5 Tips for a Better Marriage

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in family counseling

Recently, my husband and I celebrated our 31st wedding anniversary. When I think back to those first years of marriage, it is amazing how much we have changed. We were high school sweethearts and dated five and one half years before we got married. Many changes have been witnessed over the last 31 years and we continue to work at making marriage better.family counseling

In family counseling, I ask couples to rate their marriage in terms of satisfaction on a scale from one to ten. This exercise gives me a quick assessment of the marriage relationship. Sometimes, couples are surprised at each other’s answers. While one may rank the marriage a “7,” the other may rank the relationship a “3.” When this happens, usually the more satisfied mate is not working to meet the needs of the spouse because his needs are being met. The spouse, who rated the marriage as a “4” is not feeling much satisfaction and the marriage partner may not even be aware of the problems.

Relationships are complicated.

marriage therapistsIn the beginning of a marriage, a couple is consumed with total bliss and longing for each other and may be totally caught off guard when those feelings begin to change over time. The emotional high experienced in the early years is transformed into a deeper, more fulfilling relationship if needs are satisfied. If not, trouble soon arises.

Many troubled matrimony’s can be rescued with the right tools and with the help of marriage therapists to strengthen relationships and the commitment to make their matrimony work.

Consider the five principles below to strengthen marriage:

1. Know the needs of your mate.

Men and women may not come from Mars or Venus, as the title of the book implies, but they certainly have different desires. Take time to share with each other your top five needs with your mate. Keep in mind what your mate requests and focus on meeting each other’s needs. When one person is satisfied in the marriage relationship, he will be more motivated to meet his mate’s needs. Most women, for example, need affection, meaningful conversation, honest communication, family support and commitment. Men, on the other hand, share a desire for sexual intimacy, admiration, a recreational companion, attractive spouse and a partner who makes home a pleasant place to live. Know the needs of your mate and work towards fulfilling those desires.

2. Effective communication is essential in building a healthy marriage relationship.

Unless a couple participates in extensive pre-marital counseling or has the advantage of excellent role models, communication skills may not be adequately developed for a successful marriage relationship. Learn to know when to talk to your spouse about a problem. Ask when is a good time to talk (not when one is busy, stressed or exhausted). Plan a time to discuss issues. Often in counseling, I recommend couples discuss issues over dinner at a restaurant or a cup of coffee at the local coffee shop. A relaxed public venue provides an environment conducive to listening and conversing without anger. A mate is less likely to raise a voice in frustration while dining at a restaurant than in the privacy of the kitchen table at home. Knowing how to talk to a mate in an accepting manner is important in initiating change. How we talk to our mate has everything to do with the chances that grievances will be considered. Share thoughts without accusations and anger.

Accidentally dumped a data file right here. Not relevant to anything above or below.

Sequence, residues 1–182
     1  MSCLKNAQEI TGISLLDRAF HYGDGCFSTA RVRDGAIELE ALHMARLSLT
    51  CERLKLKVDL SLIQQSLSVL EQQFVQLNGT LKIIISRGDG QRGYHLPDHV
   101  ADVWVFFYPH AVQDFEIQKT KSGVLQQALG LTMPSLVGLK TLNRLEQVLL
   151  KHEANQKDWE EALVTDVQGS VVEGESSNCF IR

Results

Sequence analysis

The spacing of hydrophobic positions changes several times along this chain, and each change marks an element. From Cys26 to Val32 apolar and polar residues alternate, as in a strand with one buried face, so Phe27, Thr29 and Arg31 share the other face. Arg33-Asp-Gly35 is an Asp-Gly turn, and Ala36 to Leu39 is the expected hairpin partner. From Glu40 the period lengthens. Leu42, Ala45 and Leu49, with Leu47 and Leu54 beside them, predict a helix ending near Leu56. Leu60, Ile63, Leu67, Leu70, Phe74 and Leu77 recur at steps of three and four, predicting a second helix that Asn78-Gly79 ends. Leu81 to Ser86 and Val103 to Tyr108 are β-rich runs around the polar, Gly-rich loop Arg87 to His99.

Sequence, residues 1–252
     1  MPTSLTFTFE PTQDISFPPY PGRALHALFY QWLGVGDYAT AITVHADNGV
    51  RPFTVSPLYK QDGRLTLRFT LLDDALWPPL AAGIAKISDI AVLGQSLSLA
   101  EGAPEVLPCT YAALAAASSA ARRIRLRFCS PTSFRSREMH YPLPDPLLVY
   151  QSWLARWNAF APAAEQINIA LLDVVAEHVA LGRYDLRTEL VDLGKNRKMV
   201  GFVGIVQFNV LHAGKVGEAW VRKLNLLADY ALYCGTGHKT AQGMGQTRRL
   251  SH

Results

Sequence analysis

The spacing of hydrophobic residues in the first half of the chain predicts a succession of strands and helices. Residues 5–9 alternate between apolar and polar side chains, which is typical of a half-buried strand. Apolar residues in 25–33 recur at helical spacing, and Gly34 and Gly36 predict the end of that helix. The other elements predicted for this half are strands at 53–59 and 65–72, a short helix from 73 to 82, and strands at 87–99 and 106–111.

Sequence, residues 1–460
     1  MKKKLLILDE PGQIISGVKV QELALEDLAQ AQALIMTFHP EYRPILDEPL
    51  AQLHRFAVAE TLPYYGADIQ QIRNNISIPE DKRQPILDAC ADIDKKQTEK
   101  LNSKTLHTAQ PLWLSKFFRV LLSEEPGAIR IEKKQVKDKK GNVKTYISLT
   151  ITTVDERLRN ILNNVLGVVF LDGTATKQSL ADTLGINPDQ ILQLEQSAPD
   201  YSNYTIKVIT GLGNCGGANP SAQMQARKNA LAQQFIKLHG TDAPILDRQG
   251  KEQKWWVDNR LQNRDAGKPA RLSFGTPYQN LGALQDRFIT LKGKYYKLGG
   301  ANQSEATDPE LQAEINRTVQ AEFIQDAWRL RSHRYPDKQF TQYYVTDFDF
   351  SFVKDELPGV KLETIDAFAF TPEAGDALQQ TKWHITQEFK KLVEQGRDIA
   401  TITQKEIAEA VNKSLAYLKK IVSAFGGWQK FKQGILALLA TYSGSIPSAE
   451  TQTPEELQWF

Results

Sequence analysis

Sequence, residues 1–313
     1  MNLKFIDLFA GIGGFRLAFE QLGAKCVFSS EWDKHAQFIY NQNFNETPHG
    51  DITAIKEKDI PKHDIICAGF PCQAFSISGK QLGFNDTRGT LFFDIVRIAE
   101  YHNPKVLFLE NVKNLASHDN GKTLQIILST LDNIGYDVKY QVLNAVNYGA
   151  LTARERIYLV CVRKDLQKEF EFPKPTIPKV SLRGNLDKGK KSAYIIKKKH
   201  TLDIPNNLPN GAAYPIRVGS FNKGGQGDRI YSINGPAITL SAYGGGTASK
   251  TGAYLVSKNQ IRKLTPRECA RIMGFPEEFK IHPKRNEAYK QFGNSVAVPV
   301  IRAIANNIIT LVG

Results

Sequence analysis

3. Money mismanagement is a major reason for divorce.

Agreement on spending is important for success in marriage. Success in money management means you must spend less than you earn. Live within your financial means. Debt creates problems in a relationship. Agree on how to spend money, who keeps up with bills, and make decisions together on large purchases. Each spouse should have a set to spend each month for personal use.

4. Capitalize on uniqueness.

family counselingMost people marry someone who is different from themselves. That is what attracts us to the other person. That person has special and unique qualities that are appealing. Instead of viewing differences as negative, think of them as positive attributes of a relationship. One spouse’s weakness is the other spouse’s strength. One may rise and shine in the morning and can get breakfast cooked, lunches packed and kids off to school easily. The other spouse who may be more alert at night can focus on homework, dinner and bedtime rituals. Use variation to enhance the relationship. Know strengths and weaknesses. Think of each other as complements of one another, balancing the relationship with each other’s strengths. You need each other to function as an effective married couple. Laugh at differences and quirks rather than grumble about them.

5. Honor the commitment to marriage.

Commitment sustains the relationship when feelings of love are weak. That is why marriage vows say “for better, for worse, for richer, for poorer, in sickness, in health, until death do us part.” Life changes over time and circumstances and so do people. Learn to grow together as you mature and situations change. Stay committed to the family unit. Children need and deserve the security and love of both parents in the home. Think of marriage as a long-term investment in which you contribute and anticipate rewards from the relationship in the future. Statistics reveal that re-marriages after divorce have a lower rate of success than first marriages. Stick with the relationship and make it work.

Marriage is a rewarding relationship.

Like anything else in life worthwhile, it takes commitment and work to be appreciated and nourished. When focused on meeting each other’s needs, one will find fulfillment in marriage. How do you rate your marriage? Try these tips for a few months and watch the ratings increase.